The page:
I remember that first cigarette tasting so good. Unbelievable the feeling I got from it. From then on it is a blur. No fear and doing whatever he suggested. I don’t know what the drug was for sure, but it was a mild hallucinogen. The next day I agreed — without a thought — to go to the Mekong Delta on the back of his bike. Off I went, no worries. I paid way too much for everything.

    Then I came back to Saigon. I was starting to feel quite tired as I hadn’t slept much over the seven days. The next day I bought a motorbike that his mate was selling for $600 (so overpriced), then rode said motorbike through the streets of Saigon. I have never ridden a geared motorbike before. Not a fear in the world. He then demanded I pay him 25,000,000 VND. Luckily my bank wouldn’t let me draw that much out. He started to get quite angry.

    He took me to several ATMs. They all said the same thing. I still didn’t realise I was being scammed. I even said, “I’ll pay you the rest tomorrow. Don’t worry. You can trust me.” And I even offered him my passport as security. I put it in his hands and said take it, I trust you, don’t you trust me? He looked me in the eyes and said, “no I trust you.” He didn’t take the passport.

    I went back to my hotel confused. That night, this American guy started talking to me. I told him how much I was going to pay this guy, and he flipped out and said that is so much here. He said that it is a year’s wage. I became even more confused. I then started to feel ill. I went back to my hotel and called my girlfriend. I was scared that Mr. Chao was waiting for me outside. I calmed down for a few hours. I called the Australian Government Emergency Hotline. The man told me to leave all my stuff there and get a taxi somewhere else. I ran downstairs and paid the bill. I got to the new hotel. I woke up the next day feeling clearheaded for the first time. I realized I had been drugged the whole eight days I was with Mr. Chao.

    I then realized I was completely alone in this country. I was in a bad state. I didn’t trust anyone. I was suffering from severe paranoia. I managed to get to the New Zealand consulate and they heard my story. They took me to a new hotel in the rich part of town. They told me not to leave or talk to anyone.

    That night I came down off all the drugs. It was one of the most terrible nights of my life. Every emotion: anger, hate, rage, sadness, sorrow. I had terrible bowel movements and sweats. I had more than five showers.

    The next day the NZ government flew me home. I had a horrible 16-hour flight and was back in Brisbane after several stops. It has been a real struggle to get back to normal life since then. For the first week I couldn’t leave the house. Some days I couldn’t talk.

    How is your memory of the time? Were you surprised by your pictures when you looked at them afterward?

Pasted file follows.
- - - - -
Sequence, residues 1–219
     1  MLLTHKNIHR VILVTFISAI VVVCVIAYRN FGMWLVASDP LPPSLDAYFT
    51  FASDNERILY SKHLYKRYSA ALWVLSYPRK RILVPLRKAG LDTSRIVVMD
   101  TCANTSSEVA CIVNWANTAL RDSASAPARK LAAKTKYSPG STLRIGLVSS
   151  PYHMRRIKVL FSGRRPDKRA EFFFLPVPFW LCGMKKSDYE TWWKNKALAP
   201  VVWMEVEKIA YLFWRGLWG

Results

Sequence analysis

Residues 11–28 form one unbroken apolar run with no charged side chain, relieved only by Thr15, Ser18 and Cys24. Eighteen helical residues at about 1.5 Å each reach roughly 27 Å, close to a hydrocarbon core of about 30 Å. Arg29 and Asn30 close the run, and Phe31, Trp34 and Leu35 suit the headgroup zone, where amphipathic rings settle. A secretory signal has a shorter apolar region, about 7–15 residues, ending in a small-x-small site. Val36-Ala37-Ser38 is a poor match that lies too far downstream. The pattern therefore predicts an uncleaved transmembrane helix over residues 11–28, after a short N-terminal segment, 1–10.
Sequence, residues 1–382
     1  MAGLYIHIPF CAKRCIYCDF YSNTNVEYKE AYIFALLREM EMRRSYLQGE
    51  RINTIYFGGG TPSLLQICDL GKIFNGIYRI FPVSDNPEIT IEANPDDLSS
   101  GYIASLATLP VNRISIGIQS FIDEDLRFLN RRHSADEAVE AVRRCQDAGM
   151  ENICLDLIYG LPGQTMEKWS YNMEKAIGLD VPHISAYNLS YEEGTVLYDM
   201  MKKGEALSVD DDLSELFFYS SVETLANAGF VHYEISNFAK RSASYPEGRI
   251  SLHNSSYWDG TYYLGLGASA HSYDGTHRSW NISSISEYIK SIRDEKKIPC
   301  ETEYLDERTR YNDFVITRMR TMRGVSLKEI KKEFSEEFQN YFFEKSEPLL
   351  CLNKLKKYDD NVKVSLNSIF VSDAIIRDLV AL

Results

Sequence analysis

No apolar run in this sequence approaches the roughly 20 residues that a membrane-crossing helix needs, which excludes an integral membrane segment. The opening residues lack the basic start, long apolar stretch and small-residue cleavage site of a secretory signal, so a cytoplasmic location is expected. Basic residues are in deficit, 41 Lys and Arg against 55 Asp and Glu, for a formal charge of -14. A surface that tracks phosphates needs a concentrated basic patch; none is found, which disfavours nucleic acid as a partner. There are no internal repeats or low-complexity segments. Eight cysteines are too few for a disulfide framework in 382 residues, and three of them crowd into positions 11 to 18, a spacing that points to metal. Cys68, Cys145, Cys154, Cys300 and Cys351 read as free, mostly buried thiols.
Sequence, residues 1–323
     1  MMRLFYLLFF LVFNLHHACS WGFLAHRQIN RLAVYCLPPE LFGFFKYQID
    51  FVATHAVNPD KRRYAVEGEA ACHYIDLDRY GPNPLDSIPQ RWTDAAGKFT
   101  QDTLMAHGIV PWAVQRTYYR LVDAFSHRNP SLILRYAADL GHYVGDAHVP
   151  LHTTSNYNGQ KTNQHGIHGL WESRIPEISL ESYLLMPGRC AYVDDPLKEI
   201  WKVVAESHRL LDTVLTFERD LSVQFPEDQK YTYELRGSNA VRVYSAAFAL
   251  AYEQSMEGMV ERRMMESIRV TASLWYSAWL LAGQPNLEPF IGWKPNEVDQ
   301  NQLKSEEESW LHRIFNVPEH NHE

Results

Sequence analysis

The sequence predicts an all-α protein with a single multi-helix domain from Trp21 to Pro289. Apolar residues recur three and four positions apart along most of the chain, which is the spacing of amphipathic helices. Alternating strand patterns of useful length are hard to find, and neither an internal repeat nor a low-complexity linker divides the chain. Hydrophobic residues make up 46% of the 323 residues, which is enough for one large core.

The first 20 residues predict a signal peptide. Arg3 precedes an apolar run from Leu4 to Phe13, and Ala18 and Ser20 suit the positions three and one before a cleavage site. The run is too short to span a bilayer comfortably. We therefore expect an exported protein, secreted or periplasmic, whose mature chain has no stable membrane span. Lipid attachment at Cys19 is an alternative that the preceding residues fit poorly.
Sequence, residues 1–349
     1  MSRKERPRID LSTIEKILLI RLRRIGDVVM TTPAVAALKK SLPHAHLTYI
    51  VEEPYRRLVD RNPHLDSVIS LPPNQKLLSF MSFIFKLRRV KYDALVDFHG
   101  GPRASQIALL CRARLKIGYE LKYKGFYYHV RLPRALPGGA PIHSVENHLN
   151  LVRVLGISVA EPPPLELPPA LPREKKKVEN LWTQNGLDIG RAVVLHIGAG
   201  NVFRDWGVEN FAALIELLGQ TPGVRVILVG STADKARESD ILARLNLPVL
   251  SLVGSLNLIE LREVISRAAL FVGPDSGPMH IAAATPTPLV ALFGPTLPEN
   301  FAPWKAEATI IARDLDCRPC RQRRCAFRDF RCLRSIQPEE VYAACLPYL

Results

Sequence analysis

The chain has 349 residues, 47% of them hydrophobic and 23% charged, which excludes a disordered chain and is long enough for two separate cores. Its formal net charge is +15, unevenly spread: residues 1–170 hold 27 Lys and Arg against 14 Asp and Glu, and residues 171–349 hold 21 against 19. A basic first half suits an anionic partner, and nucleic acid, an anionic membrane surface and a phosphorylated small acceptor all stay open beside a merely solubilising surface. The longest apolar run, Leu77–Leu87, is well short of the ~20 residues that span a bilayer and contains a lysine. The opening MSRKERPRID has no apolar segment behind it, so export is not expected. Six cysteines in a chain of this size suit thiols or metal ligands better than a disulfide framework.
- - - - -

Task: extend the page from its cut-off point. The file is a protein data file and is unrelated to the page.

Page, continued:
My memory straight after the event was crystal clear. My memory is getting hazy now though. When I got home, I was suffering from pretty bad paranoia. I couldn’t sleep. I couldn’t leave the house, didn’t trust anyone. Didn’t even trust myself. I had some severe nightmares, woke up freaking out, thinking I was still in Saigon. The pictures I took were better than anything I have ever taken.

    You changed your story about when and how you were drugged. What changed?

    When I got home, I thought I was part of an international scam. I now know it’s crazy. But when I heard about scopolamine, and the effects, I thought this is what I was on. My brain still wasn’t working properly. I couldn’t even form sentences sometimes. I was suffering pretty severe trauma and the drug effect had taken its toll.

    And then I remembered on the plane ride over, the guy next to me was from Colombia. He was an Aussie who had been living there for 15 years. I told him I was traveling alone, and I wanted to buy a motorbike and go north. Then I heard scopolamine was from Colombia and I thought, in a crazed state, “This guy was the mastermind.” I realized that was madness, because he got off in Malaysia, and they only got $2,000 from me, so it would not be worth it. But I guess you can never really know.

    What was it like to be on this drug? Can you describe what it felt like?

    I was fearless. I would do anything. Everything was bright. Everything tasted amazing. I didn’t sleep. I saw monsters in lights at night. I could focus on small details and not get distracted. My motor skills were terrible. Mr. Chao would constantly say “you have everything, look look, you look you see you know.” My wallet would just be left on a table.

    Are you going through some kind of treatment now? Did you see a psychologist/psychiatrist?

    I am seeing a psychologist for the first time in my life. The first time I went I checked all areas and made sure no one was following me. I was still suffering from paranoia. After that first session he told me, “You are in Australia. You are safe here. You can be vigilant, but you don’t need to worry as much.”

    I’ve seen him six times now, every week. He helps with the anxiety. He recommends getting back to my normal life. Working hard. Keeping busy. Looking at it from a global perspective.

    What have you learned about Devil’s Breath?